Markets droop following a ‘Christmas rally’

Don Wick of Red River Farm Network and Randy Martinson of Martinson Ag Risk Management discuss what's going on in the agriculture market around the world on the Agweek Market Wrap.

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The agriculture markets showed promise with a “Christmas rally,” but the first week of 2023 took a turn, according to Don Wick of Red River Farm Network and Randy Martinson of Martinson Ag Risk Management on Friday, Jan. 6, on the Agweek Market Wrap .

Wick said it appeared the commodities were taking a defensive stance to start out the year. Martinson described the sequence of events as an evening-up at the finish of 2022 and a reestablishment of positions in 2023.

“We had some negative news that came into play, as well,” Martinson said. “You know we’re starting to look at more rain events in Argentina; more rain events in the southern Plains in the U.S. for the winter wheat; poor demand as we’re seeing exports dwindle for wheat and for corn again.”

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Randy Koenen of Red River Farm Network and Randy Martinson of Martinson Ag Risk Management discuss what's going on in the agriculture market around the world on the Agweek Market Wrap.

Wick pointed out some double digit gains in soybeans, while it appears South America expects record crops.

Martinson responded that Brazil's added acres and better production are going to more than offset expected losses in Argentina. He added that there is a difference in the two regions, though. Brazilian beans are more for whole bean export, while Argentina is more meal and oil focused for their soybeans. Brazil and U.S. farmers will have to make up losses.


Energy focus

Wick pointed out that energy — natural gas, crude, ethanol — has picked up steam this new year.

“A lot of that is coming from concerns with China,” Martinson said.

Because China's reopening is taking longer than expected, likely due to the huge increase in COVID-19 cases, there remain unknowns about whether they will soon have demand for more commodities, Martinson said.

Next week’s crop report will provide an abundance of content on commodities. Martinson described it as drinking from a fire hose.

It will provide updated crop supply and demand, production estimates for corn, soybeans and wheat and a first look at winter wheat seeding.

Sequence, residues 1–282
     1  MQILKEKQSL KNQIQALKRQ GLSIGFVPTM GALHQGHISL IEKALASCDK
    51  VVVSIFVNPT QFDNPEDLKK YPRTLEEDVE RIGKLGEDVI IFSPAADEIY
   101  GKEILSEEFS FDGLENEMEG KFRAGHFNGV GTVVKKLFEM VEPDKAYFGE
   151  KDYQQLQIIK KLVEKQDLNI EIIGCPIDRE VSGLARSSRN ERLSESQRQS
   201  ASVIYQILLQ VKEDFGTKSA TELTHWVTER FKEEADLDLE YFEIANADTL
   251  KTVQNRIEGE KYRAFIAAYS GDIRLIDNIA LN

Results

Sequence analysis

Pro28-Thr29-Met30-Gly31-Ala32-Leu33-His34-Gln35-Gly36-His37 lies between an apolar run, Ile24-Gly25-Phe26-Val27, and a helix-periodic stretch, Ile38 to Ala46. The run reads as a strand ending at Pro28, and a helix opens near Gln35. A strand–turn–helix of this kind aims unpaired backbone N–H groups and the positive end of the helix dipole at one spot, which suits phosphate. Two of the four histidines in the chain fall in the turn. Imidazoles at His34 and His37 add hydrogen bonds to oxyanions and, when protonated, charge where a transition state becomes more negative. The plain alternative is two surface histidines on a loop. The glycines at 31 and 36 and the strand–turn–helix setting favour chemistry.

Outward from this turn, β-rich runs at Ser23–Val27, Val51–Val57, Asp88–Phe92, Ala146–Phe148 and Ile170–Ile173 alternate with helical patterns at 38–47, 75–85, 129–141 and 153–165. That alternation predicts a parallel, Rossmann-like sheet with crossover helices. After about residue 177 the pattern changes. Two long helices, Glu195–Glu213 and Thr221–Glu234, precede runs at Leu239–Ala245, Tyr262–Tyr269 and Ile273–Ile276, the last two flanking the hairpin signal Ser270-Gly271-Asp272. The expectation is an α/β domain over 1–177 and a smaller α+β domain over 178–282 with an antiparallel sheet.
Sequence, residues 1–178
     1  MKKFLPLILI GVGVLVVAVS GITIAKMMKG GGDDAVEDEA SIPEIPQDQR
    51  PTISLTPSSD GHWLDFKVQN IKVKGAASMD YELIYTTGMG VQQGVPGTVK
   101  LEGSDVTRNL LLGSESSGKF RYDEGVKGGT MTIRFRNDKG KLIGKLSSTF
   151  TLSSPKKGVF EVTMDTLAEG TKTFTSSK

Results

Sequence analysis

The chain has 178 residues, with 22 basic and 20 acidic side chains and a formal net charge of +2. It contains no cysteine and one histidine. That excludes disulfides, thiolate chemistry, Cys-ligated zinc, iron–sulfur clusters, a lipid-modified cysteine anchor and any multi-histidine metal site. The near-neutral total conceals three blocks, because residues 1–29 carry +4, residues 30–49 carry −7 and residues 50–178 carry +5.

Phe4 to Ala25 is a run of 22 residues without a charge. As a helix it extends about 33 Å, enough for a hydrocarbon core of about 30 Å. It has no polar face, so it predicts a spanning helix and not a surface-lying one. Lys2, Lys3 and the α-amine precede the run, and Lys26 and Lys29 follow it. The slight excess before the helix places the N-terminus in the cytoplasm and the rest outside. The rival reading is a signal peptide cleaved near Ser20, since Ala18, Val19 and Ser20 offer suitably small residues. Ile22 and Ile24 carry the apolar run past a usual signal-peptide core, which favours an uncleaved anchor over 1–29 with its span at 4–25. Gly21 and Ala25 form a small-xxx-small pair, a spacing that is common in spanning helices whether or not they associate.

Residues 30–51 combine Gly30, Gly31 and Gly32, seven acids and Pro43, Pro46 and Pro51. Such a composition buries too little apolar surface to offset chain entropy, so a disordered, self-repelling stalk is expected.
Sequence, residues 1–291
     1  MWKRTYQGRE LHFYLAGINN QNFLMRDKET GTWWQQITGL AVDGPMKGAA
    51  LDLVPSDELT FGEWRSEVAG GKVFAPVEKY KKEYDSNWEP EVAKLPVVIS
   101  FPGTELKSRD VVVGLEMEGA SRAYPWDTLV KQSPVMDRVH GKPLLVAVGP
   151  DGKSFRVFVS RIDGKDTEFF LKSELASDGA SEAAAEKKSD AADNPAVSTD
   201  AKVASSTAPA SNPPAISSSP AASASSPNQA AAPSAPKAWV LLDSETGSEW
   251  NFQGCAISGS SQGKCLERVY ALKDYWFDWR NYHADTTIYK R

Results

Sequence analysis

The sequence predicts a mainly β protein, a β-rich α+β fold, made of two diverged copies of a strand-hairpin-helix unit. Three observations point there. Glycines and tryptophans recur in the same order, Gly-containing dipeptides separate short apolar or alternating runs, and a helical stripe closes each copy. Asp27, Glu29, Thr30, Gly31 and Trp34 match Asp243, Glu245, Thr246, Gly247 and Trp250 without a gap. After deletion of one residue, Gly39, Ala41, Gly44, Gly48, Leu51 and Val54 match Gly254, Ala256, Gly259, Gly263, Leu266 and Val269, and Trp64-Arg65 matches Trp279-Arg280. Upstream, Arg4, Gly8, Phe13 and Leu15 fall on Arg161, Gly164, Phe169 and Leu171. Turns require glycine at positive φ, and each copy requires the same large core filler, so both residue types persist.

“Yeah, there is a lot of information that’s going to come into this market,” Martinson said. “The market is going to pick what it wants to trade, and that’s going to be interesting to which one they focus on.”

Cattle gains

Wick brought up that there were some big gains in cattle prices this week including boxed beef and dressed cattle, which saw a 50 cent gain over last week. Live cattle were basically steady.

“The demand side of this market is still strong though,” Wick said.


“It is, we still have strong demand,” Martinson said. Supplies coming to town are enough for now, but Martinson looks at lower production coming in 2023 that will tighten the market.

Martinson said once we step closer to Super Bowl season there will be a tightening of that market.

Winter weather woes

Continued winter storms are making it difficult for some cattle producers to get their cattle to market. It’s been several weeks for some who have seen back-to-back storms that have shut down roads and sale barns. Martinson was on his way home from marketing some of his own cattle on Friday and attested to the poor road conditions that persist.

“A lot of producers are trying to move product,” Martinson said. “There’s going to be a lot of calves hitting the ground soon so there is a lot of cow-calf guys that want to get those calves moved so they get room in their lot to start calving.”

He feels they should see a supply boost into the market soon, followed by a tightening of the feeder cattle supply.

(The Agweek Market Wrap is sponsored by Gateway Building Systems.)

Michael Johnson is the news editor for Agweek. He lives in the city of Verndale, Minn., but is bent on making it as country as he can until he returns once more to the farm living he enjoys. Also living the dream are his two children and wife.
You can reach Michael at or 218-640-2312.
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